Mortgage rates were relatively flat, with 30-year fixed rates rising by just 1 basis point. After holding steady in the week prior, rates rose for just the 4th time in 11-weeks.
In the week ending 9th September, 30-year fixed rates rose by 1 basis point to 2.88%.
30-year mortgage rates have risen just once beyond the 3% mark Since 21st April.
Compared to this time last year, 30-year fixed rates were up by 2 basis points.
30-year fixed rates were still down by 206 basis points since November 2018’s last peak of 4.94%.
Economic Data from the Week
It was a quieter first half of the week, with the U.S markets closed for Labor Day on Monday.
Key stats included JOLT’s job openings from the U.S, which were upbeat following the disappointing NFP numbers from the week prior.
With stats from the U.S on the lighter side, the weaker than expected nonfarm payrolls from the Friday prior pegged rates back in the week, however.
Freddie Mac Rates
The weekly average rates for new mortgages as of 9th September were quoted by Freddie Mac to be:
- 30-year fixed rates increased by 1 basis point to 2.88% in the week. This time last year, rates had stood at 2.86%. The average fee remained rose from 0.6 to 0.7 points.
- 15-year fixed increased by 1 basis point 2.19% in the week. Rates were down by 18 basis points from 2.47% a year ago. The average fee remained unchanged at 0.6 points.
- 5-year fixed rates fell by 1 basis point to 2.42%. Rates were down by 69 points from 3.11% a year ago. The average fee remained unchanged at 0.3 points.
According to Freddie Mac,
- While the economy continues to grow, it has lost momentum over the last 2-months due to the current wave of the Delta variant.
- Weaker employment, lower spending, and declining consumer confidence has resulted, pegging back rates.
- Rates have held steady despite increases in inflation caused by supply and demand imbalances.
- The net result for housing is that these low and stable rates allow customers more time to find the homes they are looking to purchase.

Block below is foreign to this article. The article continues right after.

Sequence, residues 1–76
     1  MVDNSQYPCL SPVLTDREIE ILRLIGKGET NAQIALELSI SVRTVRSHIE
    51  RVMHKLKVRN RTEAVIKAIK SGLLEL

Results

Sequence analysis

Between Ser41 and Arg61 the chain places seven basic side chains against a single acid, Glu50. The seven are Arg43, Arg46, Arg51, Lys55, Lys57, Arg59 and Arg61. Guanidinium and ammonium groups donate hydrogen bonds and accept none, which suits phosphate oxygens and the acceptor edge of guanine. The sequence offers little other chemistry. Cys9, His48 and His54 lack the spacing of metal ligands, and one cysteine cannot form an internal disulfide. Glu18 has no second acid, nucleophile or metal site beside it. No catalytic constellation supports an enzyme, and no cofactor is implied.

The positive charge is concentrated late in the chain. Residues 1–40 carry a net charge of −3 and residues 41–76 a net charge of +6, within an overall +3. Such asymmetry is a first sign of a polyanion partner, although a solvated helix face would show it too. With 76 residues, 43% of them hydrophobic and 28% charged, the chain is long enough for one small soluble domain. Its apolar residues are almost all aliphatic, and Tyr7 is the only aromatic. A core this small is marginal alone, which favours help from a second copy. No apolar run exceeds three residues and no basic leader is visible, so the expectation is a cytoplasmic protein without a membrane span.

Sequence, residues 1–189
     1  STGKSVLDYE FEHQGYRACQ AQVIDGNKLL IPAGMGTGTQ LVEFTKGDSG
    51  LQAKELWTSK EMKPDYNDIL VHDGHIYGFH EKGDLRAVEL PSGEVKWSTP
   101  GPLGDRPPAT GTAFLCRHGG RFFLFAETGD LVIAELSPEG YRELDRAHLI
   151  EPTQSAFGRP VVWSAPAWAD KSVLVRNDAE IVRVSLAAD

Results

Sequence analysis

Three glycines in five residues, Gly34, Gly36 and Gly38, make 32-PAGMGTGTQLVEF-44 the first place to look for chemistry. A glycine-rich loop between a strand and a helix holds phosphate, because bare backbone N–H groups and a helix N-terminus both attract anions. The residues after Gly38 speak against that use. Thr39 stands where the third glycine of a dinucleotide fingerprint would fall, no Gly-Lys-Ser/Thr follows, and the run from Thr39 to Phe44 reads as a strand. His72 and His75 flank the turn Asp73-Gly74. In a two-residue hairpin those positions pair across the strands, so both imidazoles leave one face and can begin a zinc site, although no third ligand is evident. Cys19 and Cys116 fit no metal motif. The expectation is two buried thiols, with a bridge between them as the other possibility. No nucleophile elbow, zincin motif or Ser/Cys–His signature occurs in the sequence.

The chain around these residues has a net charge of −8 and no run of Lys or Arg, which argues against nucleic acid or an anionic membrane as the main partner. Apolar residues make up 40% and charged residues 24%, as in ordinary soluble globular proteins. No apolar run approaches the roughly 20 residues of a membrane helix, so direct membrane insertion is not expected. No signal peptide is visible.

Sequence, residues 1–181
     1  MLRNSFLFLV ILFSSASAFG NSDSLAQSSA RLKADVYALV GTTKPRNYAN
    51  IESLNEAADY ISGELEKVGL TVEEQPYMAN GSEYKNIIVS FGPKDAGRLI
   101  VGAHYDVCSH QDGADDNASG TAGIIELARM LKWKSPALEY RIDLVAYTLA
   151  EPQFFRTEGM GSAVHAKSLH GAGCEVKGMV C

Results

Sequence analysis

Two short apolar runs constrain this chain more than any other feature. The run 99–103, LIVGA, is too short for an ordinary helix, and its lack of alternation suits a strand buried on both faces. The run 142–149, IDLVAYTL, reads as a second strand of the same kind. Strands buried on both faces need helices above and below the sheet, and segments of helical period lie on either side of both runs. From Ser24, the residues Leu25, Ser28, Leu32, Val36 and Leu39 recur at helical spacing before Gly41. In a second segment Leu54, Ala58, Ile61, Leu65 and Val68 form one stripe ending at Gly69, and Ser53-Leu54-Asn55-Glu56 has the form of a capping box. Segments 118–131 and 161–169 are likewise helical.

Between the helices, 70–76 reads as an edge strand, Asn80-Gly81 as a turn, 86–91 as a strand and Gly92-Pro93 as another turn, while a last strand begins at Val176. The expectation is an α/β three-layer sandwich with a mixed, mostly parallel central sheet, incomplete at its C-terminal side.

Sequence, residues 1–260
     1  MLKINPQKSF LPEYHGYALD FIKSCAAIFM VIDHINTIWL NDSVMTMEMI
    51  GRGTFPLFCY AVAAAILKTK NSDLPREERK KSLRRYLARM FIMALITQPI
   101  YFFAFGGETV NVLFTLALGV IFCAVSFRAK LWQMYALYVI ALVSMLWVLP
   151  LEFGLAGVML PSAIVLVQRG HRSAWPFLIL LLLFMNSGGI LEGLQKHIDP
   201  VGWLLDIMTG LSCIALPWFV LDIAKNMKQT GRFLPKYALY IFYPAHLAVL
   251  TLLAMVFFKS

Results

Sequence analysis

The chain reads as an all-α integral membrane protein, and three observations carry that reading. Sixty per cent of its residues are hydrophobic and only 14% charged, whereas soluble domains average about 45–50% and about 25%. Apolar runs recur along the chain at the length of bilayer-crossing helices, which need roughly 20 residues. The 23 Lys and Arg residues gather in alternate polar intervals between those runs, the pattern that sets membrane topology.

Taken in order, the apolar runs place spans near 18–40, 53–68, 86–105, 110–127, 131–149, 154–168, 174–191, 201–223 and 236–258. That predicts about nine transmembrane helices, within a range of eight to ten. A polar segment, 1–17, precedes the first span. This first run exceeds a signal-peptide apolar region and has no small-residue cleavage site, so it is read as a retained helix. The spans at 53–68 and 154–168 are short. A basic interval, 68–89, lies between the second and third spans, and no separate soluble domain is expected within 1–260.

Mortgage Bankers’ Association Rates
For the week ending 3rd September, the rates were:
- Average interest rates for 30-year fixed with conforming loan balances remained unchanged at 3.03%. Points decreased from 0.34 to 0.33 (incl. origination fee) for 80% LTV loans.
- Average 30-year fixed mortgage rates backed by FHA fell from 3.09% to 3.07%. Points rose from 0.25 to 0.30 (incl. origination fee) for 80% LTV loans.
- Average 30-year rates for jumbo loan balances increased from 3.13% to 3.14%. Points rose from 0.26 to 0.30 (incl. origination fee) for 80% LTV loans.
Weekly figures released by the Mortgage Bankers Association showed that the Market Composite Index, which is a measure of mortgage loan application volume, declined by 1.9% in the week ending 3rd September. In the previous week, the index had decreased by 2.4%.
The Refinance Index decreased by 3% and was 4% lower than the same week a year ago. The Index had fallen by 4% in the previous week.
In the week ending 3rd September, the refinance share of mortgage activity remained unchanged at 66.8%. The share had fallen from 67.3% to 66.8% in the week prior.
According to the MBA,
- Mortgage application volumes fell last week to its lowest level since mid-July, as mortgage rates remained above 3% for several weeks.
- Refinance volume has been moderating, while purchase volume continues to be lower than expected given the lack of homes on the market.
- Economic data has seen mixed signals, with slower job growth but a further drop in the unemployment rate in August.
- We expect that further improvements will lead to a tapering of the FED MBS purchases by the end of the year. This should put some upward pressure on mortgage rates.
For the week ahead
It’s a busier week ahead on the economic data front. U.S inflation figures on Tuesday and industrial production figures on Wednesday will influence.
Another pickup in inflationary pressure would likely bring forward the FED’s timelines on tapering. While employment growth has slowed, a continued pickup in inflationary pressure would need to be curbed. Expect, therefore, further inflationary pressure to nudge mortgage rates northwards.